Stockbridge, Longstock and Leckford

in the Mid-Test Valley Benefice The Mid Test Benefice (parishes Broughton with Bossington, Houghton, Leckford, Longstock, Mottisfont and Stockbridge

St Mary's Church Longstock. MJS 2016
St Mary's Church Longstock. MJS 2016
The Rector/Vicar for the parishes of the Mid Test Benefice is
The Rev'd Philip Bowden. revdphilipbowden@gmail.com
            Telephone:  01264810810

Safeguarding:
If you have concerns here are contact numbers:
Benefice Safeguarding Officer:
David Barnes 01264 810516
barnsiesdandj@yahoo.co.uk
Safeguarding email

SafeguardingMidTestN@outlook.com 

 



Diocesan Safeguarding Officer
Jackie Rowlands 01962 737317
Mobile 07921 865374
Jackie.rowlands@winchester.anglican.org


The Revd Philip Bowden details above

For safeguarding help outside the church. If you have concerns or want to report abuse phone Hampshire Children/Adult Services on 0300 555 1386 or the police on 101.

In an emergency, or if you suspect you or someone else is in immediate danger, phone 999.









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BBC Front Page News

Covid-19: Nothing conclusive on changing roadmap, Boris Johnson says

Boris Johnson says "we’ll know a lot more in a few days time", amid concern over the Indian variant.

Vaccinating children before poor morally wrong, Oxford scientist says

Oxford vaccine leader Prof Andrew Pollard says adults in poorer countries should be protected first.

Don't holiday in amber list countries - Boris Johnson

Boris Johnson says not to go but some travel firms are refusing refunds for those destinations.

Israel-Gaza: Netanyahu says militants 'set back by years'

The Israeli PM vows to continue hitting Hamas in Gaza, despite international pleas for a ceasefire.

Covid: Nurse who cared for PM resigns from NHS

Jenny McGee says NHS workers are not getting the pay or respect they deserve from the government.

Covid-19: PM says nothing conclusive on changing roadmap and holiday firms refuse refunds

Five things you need to know about the coronavirus pandemic this Tuesday evening.

Ceuta: Spain sends troops as 8,000 migrants enter enclave

PM Pedro Sánchez vows to restore order as migrants wade and swim into Ceuta from Morocco.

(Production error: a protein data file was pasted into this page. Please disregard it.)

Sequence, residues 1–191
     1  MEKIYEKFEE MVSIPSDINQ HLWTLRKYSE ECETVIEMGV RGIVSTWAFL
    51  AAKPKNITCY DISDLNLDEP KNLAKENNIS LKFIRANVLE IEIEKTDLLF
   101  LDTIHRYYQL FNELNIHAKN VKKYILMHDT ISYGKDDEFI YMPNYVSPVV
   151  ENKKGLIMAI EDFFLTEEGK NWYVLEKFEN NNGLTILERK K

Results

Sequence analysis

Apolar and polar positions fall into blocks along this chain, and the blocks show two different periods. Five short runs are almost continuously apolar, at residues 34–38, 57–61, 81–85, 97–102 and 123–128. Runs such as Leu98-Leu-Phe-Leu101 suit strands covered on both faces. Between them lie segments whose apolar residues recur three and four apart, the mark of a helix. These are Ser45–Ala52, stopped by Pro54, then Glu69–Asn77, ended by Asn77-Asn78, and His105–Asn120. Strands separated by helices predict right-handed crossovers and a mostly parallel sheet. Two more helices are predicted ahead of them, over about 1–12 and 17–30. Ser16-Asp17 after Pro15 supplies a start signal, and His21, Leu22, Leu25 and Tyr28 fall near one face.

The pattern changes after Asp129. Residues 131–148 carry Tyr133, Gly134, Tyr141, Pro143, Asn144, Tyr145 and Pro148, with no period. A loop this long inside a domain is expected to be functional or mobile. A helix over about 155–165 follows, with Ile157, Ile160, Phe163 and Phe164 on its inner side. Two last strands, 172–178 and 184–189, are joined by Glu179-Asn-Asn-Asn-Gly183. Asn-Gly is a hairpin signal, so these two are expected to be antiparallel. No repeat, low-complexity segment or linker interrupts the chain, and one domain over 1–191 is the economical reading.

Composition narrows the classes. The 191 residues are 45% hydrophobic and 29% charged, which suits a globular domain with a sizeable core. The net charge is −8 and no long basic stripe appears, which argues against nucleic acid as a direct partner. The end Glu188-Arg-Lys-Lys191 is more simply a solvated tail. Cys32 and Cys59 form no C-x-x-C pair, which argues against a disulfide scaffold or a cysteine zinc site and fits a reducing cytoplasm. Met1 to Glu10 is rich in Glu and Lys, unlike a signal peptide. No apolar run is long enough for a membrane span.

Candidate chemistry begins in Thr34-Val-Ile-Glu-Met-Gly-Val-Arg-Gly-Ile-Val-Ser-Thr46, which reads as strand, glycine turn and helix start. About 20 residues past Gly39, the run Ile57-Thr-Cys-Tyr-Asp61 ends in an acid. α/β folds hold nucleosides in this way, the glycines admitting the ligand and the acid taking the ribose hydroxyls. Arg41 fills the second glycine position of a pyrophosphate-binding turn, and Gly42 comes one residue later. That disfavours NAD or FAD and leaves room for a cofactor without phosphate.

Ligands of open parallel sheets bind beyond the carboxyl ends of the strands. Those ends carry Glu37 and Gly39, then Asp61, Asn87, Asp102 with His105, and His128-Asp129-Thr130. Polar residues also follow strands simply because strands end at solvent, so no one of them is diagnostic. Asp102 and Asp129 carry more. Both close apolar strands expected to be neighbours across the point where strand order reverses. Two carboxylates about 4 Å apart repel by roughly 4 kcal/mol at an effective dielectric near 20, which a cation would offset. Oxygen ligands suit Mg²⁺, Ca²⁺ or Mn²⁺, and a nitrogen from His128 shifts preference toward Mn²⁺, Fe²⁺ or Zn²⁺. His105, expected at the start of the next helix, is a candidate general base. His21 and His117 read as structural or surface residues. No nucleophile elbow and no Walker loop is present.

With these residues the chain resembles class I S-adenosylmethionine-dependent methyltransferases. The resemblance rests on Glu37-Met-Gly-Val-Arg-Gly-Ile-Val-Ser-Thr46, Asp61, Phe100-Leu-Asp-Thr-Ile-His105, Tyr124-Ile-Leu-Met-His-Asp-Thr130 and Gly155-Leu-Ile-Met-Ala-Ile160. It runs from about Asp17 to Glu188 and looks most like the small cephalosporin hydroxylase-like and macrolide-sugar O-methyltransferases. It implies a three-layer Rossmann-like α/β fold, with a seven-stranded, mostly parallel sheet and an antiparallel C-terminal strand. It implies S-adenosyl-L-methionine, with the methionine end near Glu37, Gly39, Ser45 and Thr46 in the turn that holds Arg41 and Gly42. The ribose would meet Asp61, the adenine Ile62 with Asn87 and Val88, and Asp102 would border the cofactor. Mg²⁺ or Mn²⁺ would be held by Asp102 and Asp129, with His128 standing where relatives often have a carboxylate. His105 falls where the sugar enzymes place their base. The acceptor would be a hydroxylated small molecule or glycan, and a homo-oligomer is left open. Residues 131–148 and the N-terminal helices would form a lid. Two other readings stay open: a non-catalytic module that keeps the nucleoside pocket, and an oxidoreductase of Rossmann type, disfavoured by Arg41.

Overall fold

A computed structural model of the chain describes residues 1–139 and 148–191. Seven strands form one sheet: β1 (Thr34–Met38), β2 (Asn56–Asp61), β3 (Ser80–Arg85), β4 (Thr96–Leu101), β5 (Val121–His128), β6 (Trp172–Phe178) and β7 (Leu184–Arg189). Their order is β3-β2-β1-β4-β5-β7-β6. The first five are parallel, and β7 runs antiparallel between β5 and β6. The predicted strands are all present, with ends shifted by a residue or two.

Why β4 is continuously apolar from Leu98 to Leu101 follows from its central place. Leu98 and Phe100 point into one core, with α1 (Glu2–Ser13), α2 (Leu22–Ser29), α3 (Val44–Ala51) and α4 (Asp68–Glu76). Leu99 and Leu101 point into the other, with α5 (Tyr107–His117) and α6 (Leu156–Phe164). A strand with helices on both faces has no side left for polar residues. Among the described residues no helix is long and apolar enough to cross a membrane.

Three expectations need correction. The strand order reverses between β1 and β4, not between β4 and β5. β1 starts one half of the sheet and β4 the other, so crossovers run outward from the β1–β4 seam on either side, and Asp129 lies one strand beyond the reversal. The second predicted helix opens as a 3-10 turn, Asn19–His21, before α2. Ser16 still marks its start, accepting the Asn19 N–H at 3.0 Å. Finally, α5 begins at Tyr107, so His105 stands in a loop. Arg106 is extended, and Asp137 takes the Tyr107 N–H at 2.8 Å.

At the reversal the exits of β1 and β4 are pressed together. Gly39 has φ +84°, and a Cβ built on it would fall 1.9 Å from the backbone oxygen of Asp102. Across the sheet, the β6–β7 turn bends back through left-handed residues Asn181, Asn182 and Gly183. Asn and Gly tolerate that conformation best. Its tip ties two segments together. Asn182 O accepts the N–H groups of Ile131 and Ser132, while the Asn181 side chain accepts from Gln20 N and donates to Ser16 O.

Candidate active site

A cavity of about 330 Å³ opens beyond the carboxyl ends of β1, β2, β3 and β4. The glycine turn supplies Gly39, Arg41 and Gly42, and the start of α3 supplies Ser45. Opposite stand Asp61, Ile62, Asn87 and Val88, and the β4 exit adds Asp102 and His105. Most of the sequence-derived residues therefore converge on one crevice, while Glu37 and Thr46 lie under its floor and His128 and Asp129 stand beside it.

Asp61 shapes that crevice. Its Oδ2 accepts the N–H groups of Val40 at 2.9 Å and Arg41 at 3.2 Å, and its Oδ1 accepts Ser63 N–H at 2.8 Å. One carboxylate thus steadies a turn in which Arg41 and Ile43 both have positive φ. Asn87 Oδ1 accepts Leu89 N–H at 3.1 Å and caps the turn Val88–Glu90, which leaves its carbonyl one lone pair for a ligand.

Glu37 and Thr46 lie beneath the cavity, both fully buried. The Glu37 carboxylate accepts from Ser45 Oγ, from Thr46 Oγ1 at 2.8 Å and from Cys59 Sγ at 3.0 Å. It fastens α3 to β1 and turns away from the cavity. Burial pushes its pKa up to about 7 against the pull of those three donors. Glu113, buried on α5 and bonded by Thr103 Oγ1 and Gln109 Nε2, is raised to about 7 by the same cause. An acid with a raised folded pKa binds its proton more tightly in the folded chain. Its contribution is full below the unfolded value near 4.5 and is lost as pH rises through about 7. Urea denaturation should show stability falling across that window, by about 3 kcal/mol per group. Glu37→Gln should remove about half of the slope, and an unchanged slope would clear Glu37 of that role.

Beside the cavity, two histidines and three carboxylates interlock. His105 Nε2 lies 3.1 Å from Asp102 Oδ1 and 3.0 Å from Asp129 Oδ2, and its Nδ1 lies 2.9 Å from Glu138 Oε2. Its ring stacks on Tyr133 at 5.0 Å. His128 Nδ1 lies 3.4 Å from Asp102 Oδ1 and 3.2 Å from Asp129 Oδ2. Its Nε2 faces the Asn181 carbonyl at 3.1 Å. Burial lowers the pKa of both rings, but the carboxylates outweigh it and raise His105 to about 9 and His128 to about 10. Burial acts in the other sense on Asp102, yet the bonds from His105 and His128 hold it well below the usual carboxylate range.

UK farmers sound alarm over Australia trade talks

Labour accuse the government of a "sell-out" amid reports of a Cabinet rift over free trade deal.

AskTen - Nine things you may not have noticed last week!

1. How to wake up early. It’s one of the most agreed upon methods of productivity, and yet many of us simply can’t force ourselves to start our day sooner. Yet the benefits are undeniable. Numerous studies have concluded that participants who woke up earlier reported decreased feelings of stress and depression while felling increased levels of physical and cognitive energy. Try these tips for waking up earlier and tweak the process until it feels right for you. READ MORE

2. Hugs are back as restrictions relax. Hugging, dining indoors and catching a film at the cinema are part of a swag of freedoms people in England can enjoy from Monday as restrictions ease further. Children’s play areas, museums and conference centres will also open for the first time in 2021, and hotels, hostels and B&Bs can accept guests. Face coverings will no longer be required in schools, and universities can return to in-person learning. Pubs, bars, cafes and restaurants can serve customers indoors, fueling a surge in hiring, and international travel to green-light countries can commence. BBC

3. V for Vroom. Bank of England forecasts of a “V” shaped recovery were met with predictable skepticism at the start of the year. But according to the latest projections, that’s precisely what is going to happen. The Bank now expects output to soar away by 7.25% in 2021, leaving jobs relatively unscathed. The fizz has been building so strongly that the debate has moved onto the timing of when Britain will need to move interest rates up to counter inflation. The Bank believes that the inflation scare is overdone. But the fierce global recovery in demand for steel, semi-conductors, and oil - together with Brexit friction at the borders - could well send prices higher. The Daily Mail

4. Let’s stop saying “low-skill” jobs. Business leaders and policymakers alike need to rethink the low-skill job title, particularly after the pandemic revealed just how essential those jobs are. The negative connotations of "low-skilled" are perpetuated by our own biases against what is considered a "good job." The phrase obscures the fact that many workers in jobs that don't pay well may indeed have skills, they could just be so young that they lack training and/or experience. In addition, "low-skilled" also devalues the work of many and justifies massive wage gaps between professions. The Atlantic